Fagan’s frustrations

by Stephen Findlater
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PORTMARNOCK man Oisin Fagan was left frustrated for a third time last weekend in his comeback bid to fight Chris Goodwin, this time after the Englishman arrived overweight for the weigh-in.
It is yet another twist in an already protracted saga as 39-year-old Fagan seeks to get back into the ring and challenge for the WBF world title.
After a December date between the two fell through, the former Ireland and Oklahoma champion was then refused a licence by the British Boxing Board of Control at short notice in March when the pair were due to meet in Essex.
Once that issue was resolved, the pair were lined up to meet last Saturday night but Goodwin turned up to the initial weigh-in overweight. He was given a day to boil down to the limit by Fagan who was keen to get in the ring but Goodwin turned up even heavier at the second attempt.
It meant he was disqualified from the bout but, despite the setback, Fagan remains keen to make the fight happen at a fourth proposed date.
“Obviously, I’m terribly disappointed, as you can imagine. I worked really hard, felt brill and was in great form- rarin’ to go; however, ‘thems-the-breaks’, as they say.
“Mark, and the guys at Fight Options were very decent to deal with though, so there’s no animosity… and hopefully a chance to reschedule at a later date. Hopefully it won’t be too long before I get another shot.”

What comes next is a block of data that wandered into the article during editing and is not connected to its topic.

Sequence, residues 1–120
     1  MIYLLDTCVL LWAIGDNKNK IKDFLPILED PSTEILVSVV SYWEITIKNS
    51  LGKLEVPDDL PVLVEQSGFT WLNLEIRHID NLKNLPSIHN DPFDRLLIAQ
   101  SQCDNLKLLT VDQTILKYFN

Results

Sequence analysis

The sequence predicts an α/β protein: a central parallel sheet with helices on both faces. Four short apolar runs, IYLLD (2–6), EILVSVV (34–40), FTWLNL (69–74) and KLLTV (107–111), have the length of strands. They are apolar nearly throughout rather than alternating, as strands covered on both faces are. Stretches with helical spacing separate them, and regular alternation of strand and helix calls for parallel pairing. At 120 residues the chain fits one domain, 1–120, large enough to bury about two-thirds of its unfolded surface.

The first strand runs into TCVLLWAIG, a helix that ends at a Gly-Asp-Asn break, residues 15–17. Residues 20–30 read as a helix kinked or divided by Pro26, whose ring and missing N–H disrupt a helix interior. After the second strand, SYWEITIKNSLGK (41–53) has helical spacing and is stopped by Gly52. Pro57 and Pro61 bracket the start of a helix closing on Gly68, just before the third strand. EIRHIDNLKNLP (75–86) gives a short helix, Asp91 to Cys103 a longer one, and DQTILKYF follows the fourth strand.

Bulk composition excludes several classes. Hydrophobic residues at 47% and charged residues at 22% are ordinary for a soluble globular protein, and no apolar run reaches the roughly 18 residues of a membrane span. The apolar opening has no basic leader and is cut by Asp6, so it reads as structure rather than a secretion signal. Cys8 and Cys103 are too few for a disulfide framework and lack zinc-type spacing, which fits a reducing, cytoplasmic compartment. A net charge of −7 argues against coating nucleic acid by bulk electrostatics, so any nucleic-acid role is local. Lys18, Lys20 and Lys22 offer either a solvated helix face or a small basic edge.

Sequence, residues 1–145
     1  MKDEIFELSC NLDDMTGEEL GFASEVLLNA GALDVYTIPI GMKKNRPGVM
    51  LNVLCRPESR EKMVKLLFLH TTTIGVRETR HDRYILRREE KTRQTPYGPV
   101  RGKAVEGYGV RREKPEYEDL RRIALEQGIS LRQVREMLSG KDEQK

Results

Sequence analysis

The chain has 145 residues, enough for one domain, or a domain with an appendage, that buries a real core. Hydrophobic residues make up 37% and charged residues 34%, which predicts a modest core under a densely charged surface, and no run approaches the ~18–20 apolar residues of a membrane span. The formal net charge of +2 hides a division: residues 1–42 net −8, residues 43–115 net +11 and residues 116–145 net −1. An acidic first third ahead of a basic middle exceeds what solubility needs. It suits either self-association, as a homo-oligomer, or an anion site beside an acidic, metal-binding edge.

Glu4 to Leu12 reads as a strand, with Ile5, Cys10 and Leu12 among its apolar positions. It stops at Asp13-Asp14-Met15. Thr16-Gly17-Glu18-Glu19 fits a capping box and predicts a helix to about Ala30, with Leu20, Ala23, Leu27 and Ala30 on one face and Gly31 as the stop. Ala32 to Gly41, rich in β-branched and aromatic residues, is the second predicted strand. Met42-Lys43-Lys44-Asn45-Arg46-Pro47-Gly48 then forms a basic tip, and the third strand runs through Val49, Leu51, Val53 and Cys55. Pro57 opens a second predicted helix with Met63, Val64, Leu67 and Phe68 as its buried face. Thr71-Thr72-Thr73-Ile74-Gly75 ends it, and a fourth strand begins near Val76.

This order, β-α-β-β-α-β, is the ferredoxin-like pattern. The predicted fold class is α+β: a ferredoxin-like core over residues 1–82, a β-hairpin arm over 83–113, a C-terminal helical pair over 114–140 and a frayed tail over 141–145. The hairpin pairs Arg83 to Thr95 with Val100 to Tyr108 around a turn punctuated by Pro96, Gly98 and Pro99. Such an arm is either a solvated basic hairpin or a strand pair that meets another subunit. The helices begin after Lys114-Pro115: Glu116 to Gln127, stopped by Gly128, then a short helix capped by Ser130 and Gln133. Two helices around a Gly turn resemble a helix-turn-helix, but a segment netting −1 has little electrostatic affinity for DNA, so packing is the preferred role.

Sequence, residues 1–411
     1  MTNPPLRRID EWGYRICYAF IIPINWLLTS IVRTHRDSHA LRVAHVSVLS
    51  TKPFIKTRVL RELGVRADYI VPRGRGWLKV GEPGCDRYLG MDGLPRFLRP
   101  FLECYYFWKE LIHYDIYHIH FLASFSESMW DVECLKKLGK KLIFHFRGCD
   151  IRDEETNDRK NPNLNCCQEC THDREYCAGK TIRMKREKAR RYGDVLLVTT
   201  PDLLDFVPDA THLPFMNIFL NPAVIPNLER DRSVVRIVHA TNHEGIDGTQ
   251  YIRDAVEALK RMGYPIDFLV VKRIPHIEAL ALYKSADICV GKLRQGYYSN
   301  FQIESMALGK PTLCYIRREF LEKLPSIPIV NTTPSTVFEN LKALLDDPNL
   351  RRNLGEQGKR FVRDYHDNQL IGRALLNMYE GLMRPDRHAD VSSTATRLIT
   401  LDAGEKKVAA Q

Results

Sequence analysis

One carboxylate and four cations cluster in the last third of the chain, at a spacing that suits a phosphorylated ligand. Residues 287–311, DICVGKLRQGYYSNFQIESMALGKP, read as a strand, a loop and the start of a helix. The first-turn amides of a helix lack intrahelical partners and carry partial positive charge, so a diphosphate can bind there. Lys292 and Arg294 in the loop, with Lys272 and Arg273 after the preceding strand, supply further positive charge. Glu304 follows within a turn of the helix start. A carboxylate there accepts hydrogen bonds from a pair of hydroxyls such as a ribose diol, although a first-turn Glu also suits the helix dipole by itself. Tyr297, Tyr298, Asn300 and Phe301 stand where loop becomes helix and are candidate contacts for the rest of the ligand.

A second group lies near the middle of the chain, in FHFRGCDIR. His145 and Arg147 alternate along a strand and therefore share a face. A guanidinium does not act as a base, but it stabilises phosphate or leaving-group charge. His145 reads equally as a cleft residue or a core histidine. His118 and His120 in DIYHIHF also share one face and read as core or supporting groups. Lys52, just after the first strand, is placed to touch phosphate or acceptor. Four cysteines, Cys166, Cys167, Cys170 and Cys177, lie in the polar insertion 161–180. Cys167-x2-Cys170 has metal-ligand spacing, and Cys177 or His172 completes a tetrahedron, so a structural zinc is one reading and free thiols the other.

Speaking before Saturday’s proposed date, Fagan had said that he can offer the highly-rated Goodwin one of his toughest tests to date in his career in what should be a mutually beneficial face-off.
“The way I look at it is this: Let’s face it — I will be the toughest opposition he has ever faced.
“However, he’ll certainly not be the toughest opposition I’ve faced, taking into account I’ve fought numerous world champions already. Look, I’ve said it before… I don’t care who I fight.
“I know I’m far from the greatest boxer in the world, but you’d be hard-pressed to find anyone with a heart like mine and I always love a challenge. I’ve fought numerous world champions and many of them have told me that I’ve given them their career’s toughest fights.
“Therefore, on my day, I know I’ve been at that level. I’m not afraid to face anyone — in fact, the harder the challenge, the more I like it. I know that sounds a bit mad, but just like a true Irishman, I love being the underdog.”

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